28. Just inside the SCC today so happy with that. Fond memories of VALPOLICELLA and the PANATELLA ads (Rab C Nesbitt in particular) from the 80s. Enjoyable puzzle. RIA was new to me. COD to ROSETTA STONE. Many thanks to Chris and Breadman.

    1. I may be wrong (frequently I am) but wasn’t horryd involved in that wonderful advert with Gregor Fisher???

      1. I’m sure you’re right. Meldrew / Horryd was reminiscing about the Hamlet ads recently, also the Strada one!

  29. Well within target today. FOI QUID quickly followed by Quickstep which unsurprisingly I couldn’t parse and had to delete. Like Chris I had problems with BERLIOZ and needed all the checkers before I could commit. I knew of RIA as it is a useful scrabble word. ARCTIC FOX was my LOI which I biffed and eventually parsed after submitting (but it still gets my vote for COD). 7:33 for a very good day.

  30. Top to bottom, pretty much. Only got stuck on ARCTIC FOX.

    FOI QUADRILLE, LOI MILLION, COD EXPECTANT, time 06:43 for an estimated 1.5K and an Excellent Day.

    Many thanks Breaders and Chris.


  31. Good one for me today after some really poor attempts. Had heard of everything except RIA which was very clearly clued. Didn’t manage to parse everything – I’m just happy to get the right answer. Which is probably not quite in the true spirit of Crosswordland. Sorry.

    1. There’s nothing to apologise for AT. Enjoyment is the only yardstick so if you are content not to worry about every parsing whilst solving, so be it. It may be useful to come here afterwards and find out how the missing parsings work if you have ambitions to solve quicker or increase your enjoyment, but only if you feel like doing so.

  32. Today I have come closer than ever to finishing a quick cryptic! I actually had quadricep for 1A but eventually realised I must have made a mistake so I looked at the blog to see that the correct answer was quadrille.

    That enabled me to finish the crossword by getting 4D, 5D and then 10A.

    Many thanks.

    1. Well done! Pleased to hear you didn’t throw in the towel. Onwards and upwards 😊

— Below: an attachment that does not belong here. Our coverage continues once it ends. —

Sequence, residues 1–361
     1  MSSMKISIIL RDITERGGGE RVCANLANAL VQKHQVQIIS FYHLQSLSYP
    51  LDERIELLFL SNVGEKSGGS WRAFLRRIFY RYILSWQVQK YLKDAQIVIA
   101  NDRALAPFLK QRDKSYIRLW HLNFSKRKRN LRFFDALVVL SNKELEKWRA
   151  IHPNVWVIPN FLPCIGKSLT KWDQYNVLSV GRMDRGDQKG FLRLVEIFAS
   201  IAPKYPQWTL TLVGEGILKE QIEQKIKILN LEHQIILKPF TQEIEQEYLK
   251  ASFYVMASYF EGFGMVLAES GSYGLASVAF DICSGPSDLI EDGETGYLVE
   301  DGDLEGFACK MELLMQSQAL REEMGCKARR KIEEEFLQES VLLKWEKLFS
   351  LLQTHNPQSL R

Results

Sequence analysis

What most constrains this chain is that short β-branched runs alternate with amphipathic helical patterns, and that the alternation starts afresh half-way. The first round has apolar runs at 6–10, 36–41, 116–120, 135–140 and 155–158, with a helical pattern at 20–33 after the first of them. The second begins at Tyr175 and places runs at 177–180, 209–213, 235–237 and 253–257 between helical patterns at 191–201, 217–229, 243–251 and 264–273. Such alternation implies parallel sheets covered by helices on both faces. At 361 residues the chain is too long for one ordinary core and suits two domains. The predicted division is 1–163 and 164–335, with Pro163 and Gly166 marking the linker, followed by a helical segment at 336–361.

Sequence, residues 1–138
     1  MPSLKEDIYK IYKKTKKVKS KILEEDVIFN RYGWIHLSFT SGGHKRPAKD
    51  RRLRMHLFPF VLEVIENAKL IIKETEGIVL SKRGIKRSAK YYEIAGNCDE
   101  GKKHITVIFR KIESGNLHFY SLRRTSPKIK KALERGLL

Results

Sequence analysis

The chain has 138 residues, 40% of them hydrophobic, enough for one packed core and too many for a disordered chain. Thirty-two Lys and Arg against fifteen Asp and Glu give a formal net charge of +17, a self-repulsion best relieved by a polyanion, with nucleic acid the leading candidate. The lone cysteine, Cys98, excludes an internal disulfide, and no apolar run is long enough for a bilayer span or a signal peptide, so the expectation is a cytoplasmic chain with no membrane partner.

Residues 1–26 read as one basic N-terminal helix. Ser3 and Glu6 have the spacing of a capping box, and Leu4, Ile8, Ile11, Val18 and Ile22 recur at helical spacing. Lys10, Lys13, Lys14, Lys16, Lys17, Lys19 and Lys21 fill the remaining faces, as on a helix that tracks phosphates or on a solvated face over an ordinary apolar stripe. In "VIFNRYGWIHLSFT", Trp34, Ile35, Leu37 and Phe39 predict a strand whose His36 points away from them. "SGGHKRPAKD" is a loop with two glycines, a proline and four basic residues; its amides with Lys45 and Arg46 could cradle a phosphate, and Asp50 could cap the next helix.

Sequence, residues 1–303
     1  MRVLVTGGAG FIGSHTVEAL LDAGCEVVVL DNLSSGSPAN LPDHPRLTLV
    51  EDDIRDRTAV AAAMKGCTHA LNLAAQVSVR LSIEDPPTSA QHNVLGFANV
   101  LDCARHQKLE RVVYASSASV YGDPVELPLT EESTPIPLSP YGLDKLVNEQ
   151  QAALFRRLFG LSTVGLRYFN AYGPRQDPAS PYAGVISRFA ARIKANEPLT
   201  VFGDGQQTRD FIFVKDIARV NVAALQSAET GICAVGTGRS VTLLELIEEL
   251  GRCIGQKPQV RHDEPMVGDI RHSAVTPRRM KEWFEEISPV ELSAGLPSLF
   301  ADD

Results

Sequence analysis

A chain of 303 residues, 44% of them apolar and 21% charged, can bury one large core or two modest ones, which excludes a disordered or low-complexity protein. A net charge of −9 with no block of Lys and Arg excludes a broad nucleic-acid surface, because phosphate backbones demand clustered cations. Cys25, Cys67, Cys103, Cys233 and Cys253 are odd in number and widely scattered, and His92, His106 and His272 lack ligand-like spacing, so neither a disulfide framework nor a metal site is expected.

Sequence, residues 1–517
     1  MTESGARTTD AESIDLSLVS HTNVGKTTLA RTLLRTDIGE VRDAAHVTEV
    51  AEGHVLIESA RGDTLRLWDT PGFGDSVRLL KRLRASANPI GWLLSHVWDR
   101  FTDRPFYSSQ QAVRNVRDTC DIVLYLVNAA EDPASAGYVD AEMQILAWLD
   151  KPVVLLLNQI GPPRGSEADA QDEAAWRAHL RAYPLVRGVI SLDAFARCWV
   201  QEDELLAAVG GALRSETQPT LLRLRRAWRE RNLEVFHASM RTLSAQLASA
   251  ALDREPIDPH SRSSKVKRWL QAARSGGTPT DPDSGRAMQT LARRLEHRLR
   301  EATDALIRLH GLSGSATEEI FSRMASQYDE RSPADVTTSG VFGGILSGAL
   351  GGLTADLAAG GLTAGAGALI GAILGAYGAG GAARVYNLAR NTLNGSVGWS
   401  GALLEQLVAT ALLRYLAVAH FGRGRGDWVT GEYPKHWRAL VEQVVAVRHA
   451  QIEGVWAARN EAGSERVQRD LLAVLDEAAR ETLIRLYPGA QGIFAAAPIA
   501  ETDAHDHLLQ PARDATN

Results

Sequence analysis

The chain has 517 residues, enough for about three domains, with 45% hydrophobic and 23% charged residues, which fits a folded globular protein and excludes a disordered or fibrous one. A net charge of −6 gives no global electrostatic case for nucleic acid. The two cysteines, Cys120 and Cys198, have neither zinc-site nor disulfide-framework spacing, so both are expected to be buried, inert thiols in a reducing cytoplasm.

2. Well done Ian – echoing PennyB’s thoughts that glad to hear you didn’t throw the towel in

  33. If “biffing” is writing the answer without tackling the wordplay, what do you call it when I wrote in the NHO RIA from the wordplay? I don’t know if one can still buy VALPOLICELLA, but it is at least 20 years since I drank any. I knew and parsed everything, but little came quickly, so I would agree with those who found this on the tricky side. FOI QUADRILLE, whch would have been a NHO but for Alice, LOI PANATELLA, a word I just knew, but had forgotten the meaning; COD ARCTIC FOX – clever surface. No problem with BERLIOZ – my late wife sang his requiem with a few hundred others in the Royal Albert Hall a few years ago. I wish it had been Brahms’s or Mozart’s. Thanks, Breadman and Chris.

    1. Anti-biffing? Or actually exactly what you did: solving from wordplay 👍
      My daughter plays a game known as anti-Countdown. She just says the first word that comes into her head that has three or four of the letters on the screen, with some very entertaining results on occasion 😅

  34. A lovely puzzle from Breadman – lots of mental quick gear changes needed meant plenty to admire and savour in the clueing. Needed Chris’ blog to complete some of the parsing. NHO 3d Ria but was generously clued so went in and that’s another word learned.
    FOI 1d Quid – needed to convince me Quadrille was correct and needed better parsing
    LOI 5d Expectant – expectorant wouldn’t fit anyway but needed to re-read the clue!
    COD – too many to choose from! I liked 15d Tarmac among many others.

  35. A lot of biffing but successful conclusion in about 12 minutes.
    Did like banana

  36. Finished one after a few near misses recently. RIA was a nice reminder of O level geography lessons on glaciation.